George GRAY, Congress, DE (1840-1925)
Senate Years of Service:1885-1899
GRAY, George, a Senator from Delaware; born in New Castle, New Castle County, Del., May 4, 1840; attended the common schools and graduated from Princeton University in 1859; studied law with his father and attended Harvard Law School; admitted to the bar in 1863 and commenced practice in New Castle; attorney general of Delaware 1879-1885, when he resigned, having been elected Senator; elected as a Democrat to the United States Senate to fill the vacancy caused by the resignation of Thomas F. Bayard; reelected in 1887 and 1893 and served from March 18, 1885, to March 3, 1899; unsuccessful candidate for reelection in 1899; chairman, Committee on Patents (Fifty-third Congress), Committee on Privileges and Elections (Fifty-third Congress), Committee on Revolutionary Claims (Fifty-fifth Congress); member of the Joint High Commission which met in Quebec in August 1898 to settle differences between the United States and Canada; member of the commission to arrange terms of peace between the United States and Spain 1898; appointed judge of the United States Circuit Court of Appeals for the third circuit by President William McKinley 1899-1914; chairman of the commission to investigate conditions of the coal strike in Pennsylvania 1902; appointed by President McKinley to the Permanent Court of Arbitration at The Hague in 1900; reappointed in 1906 by President Theodore Roosevelt, in 1912 by President William Taft, and in 1920 by President Woodrow Wilson; member of several commissions established to arbitrate various international disputes; member, Board of Regents of the Smithsonian Institution 1890-1925; vice president and trustee of the Carnegie Endowment for International Peace; died in Wilmington, Del., August 7, 1925; interment in Presbyterian Cemetery, New Castle, Del.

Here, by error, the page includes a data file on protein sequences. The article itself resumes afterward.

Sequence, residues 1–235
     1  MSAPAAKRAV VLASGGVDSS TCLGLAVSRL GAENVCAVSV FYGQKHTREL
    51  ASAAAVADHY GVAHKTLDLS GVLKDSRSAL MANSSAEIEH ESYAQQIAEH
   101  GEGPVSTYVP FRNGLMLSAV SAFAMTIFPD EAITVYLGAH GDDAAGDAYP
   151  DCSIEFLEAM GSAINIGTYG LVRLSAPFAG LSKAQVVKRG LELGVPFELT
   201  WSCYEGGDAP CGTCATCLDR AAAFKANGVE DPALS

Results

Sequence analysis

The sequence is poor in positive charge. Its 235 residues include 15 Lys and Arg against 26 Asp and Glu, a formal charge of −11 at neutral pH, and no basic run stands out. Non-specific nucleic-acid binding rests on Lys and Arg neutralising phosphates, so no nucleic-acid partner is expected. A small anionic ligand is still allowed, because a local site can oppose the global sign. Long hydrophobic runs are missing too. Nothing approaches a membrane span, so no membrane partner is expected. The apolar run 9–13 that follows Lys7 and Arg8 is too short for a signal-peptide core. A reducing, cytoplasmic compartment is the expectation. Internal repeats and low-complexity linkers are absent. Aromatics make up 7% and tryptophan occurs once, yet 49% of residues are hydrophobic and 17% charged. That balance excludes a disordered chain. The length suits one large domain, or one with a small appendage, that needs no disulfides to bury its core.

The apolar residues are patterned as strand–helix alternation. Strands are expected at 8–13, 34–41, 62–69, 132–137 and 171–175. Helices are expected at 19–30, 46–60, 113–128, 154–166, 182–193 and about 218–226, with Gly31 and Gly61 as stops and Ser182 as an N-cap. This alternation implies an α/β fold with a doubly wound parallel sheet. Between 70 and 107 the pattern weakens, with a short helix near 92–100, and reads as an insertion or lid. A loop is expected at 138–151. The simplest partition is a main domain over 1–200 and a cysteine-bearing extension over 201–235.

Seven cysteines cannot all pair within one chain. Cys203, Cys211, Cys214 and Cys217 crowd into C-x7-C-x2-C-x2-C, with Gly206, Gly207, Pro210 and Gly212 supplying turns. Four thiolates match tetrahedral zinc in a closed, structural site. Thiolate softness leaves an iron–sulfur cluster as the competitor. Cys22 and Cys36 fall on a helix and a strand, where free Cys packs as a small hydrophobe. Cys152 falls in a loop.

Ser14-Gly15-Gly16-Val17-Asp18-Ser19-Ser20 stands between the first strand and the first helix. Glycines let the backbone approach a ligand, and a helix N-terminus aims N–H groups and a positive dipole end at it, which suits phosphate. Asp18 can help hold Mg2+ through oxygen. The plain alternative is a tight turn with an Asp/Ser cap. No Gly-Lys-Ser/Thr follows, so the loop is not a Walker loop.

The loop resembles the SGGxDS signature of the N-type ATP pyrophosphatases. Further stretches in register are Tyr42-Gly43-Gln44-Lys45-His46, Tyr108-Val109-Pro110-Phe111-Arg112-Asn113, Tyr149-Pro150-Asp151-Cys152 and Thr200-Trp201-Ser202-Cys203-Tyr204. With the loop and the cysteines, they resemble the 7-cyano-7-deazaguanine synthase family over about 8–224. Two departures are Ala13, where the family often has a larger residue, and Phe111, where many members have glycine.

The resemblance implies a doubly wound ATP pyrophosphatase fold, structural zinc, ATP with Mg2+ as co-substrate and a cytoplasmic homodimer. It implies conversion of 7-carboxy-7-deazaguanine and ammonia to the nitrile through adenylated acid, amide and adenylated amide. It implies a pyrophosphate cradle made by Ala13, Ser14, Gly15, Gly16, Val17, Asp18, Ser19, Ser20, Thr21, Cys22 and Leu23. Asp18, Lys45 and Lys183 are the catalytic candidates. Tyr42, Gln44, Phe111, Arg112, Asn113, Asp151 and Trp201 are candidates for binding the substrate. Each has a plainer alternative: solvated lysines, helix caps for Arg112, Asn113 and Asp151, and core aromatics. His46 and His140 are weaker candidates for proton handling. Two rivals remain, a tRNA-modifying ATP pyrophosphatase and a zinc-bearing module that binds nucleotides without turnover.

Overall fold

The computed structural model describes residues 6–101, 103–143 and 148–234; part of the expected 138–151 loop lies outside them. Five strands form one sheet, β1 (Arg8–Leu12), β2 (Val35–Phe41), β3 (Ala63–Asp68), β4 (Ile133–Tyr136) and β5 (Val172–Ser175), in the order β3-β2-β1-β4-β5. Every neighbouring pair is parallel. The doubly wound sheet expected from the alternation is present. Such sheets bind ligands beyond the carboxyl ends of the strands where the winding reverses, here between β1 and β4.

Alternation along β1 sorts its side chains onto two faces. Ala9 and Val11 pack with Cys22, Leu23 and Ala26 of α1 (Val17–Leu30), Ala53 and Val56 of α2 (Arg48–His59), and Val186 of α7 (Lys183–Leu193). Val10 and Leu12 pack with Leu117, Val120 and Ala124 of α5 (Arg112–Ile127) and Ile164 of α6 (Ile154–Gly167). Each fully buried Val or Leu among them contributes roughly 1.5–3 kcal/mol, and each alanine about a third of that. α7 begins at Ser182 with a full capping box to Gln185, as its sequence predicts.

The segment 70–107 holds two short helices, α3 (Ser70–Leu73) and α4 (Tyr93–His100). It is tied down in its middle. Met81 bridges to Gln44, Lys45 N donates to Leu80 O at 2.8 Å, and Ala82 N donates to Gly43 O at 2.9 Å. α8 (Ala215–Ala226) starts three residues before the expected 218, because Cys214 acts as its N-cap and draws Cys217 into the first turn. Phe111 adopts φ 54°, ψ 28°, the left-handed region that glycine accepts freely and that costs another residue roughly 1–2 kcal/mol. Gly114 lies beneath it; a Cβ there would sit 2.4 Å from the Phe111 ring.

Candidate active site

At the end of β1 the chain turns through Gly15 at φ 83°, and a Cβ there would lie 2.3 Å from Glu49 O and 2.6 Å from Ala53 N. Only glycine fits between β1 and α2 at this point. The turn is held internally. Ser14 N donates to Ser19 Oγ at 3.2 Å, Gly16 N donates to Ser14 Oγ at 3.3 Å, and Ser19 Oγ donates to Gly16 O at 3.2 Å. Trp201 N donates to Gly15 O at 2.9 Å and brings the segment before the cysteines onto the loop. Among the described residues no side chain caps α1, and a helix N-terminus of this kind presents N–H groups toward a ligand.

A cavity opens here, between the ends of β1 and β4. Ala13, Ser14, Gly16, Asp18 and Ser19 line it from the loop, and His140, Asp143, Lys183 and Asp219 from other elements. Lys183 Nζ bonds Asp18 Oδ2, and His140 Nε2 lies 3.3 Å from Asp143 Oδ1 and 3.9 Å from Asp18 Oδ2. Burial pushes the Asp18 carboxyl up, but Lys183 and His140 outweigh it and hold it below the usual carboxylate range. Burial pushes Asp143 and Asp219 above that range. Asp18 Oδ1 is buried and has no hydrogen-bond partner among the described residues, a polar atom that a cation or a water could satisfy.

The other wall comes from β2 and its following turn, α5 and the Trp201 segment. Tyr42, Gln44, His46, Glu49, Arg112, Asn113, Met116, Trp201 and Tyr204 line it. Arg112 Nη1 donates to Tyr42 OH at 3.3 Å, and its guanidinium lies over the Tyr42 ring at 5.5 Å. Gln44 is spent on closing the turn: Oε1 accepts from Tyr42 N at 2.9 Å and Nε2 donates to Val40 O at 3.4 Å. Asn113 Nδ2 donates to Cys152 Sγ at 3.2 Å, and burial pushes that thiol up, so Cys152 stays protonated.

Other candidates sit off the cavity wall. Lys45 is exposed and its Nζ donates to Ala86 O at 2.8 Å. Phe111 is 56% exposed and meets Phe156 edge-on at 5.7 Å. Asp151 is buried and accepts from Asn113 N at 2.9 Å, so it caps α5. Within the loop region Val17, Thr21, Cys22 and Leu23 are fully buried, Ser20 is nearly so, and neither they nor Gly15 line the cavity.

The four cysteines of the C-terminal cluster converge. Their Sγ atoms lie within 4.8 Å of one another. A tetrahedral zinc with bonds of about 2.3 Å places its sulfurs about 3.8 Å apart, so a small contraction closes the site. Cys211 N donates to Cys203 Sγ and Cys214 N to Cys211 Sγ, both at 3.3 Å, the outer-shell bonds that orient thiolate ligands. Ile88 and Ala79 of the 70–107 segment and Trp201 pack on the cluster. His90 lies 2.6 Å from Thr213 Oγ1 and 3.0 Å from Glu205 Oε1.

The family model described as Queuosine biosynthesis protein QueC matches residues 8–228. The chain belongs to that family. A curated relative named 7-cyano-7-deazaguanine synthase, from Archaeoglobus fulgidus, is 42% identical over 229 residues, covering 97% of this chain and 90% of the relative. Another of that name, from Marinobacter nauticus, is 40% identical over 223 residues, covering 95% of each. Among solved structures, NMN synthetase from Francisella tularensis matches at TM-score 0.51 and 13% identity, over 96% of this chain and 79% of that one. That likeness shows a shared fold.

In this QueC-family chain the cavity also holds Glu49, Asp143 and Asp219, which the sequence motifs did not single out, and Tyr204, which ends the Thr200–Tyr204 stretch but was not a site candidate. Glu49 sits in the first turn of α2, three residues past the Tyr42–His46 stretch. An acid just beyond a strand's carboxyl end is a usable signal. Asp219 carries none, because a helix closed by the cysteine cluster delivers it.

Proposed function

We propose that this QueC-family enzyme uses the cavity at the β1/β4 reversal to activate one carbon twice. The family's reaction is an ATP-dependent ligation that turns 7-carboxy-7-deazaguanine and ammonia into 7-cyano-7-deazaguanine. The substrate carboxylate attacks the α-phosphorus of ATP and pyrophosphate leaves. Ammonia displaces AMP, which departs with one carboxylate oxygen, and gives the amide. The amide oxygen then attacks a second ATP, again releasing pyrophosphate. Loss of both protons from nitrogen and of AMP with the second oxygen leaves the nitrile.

BibliographyDictionary of American Biography; Crosslin, Michael. “The Diplomacy of George Gray.“ Ph.D. dissertation, Oklahoma State University, 1980.
Source: Biographical Directory of the United States Congress, 1771-Present